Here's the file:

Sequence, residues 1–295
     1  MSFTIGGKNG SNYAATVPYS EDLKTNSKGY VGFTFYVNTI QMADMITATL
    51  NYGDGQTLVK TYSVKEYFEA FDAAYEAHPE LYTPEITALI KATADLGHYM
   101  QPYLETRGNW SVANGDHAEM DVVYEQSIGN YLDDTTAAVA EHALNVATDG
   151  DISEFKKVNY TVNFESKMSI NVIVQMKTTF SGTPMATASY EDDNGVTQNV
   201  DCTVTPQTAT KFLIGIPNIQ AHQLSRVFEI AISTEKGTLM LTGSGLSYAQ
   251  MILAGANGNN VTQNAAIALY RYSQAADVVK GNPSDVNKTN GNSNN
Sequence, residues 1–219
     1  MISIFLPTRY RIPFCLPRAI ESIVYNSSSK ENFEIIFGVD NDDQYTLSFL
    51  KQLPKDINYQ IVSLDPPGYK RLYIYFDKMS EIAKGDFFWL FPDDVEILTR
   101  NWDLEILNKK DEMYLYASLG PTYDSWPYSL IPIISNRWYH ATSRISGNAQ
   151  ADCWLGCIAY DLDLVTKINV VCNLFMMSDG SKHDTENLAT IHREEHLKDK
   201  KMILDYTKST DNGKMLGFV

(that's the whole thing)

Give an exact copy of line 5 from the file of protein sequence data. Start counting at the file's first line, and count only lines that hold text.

   151  DISEFKKVNY TVNFESKMSI NVIVQMKTTF SGTPMATASY EDDNGVTQNV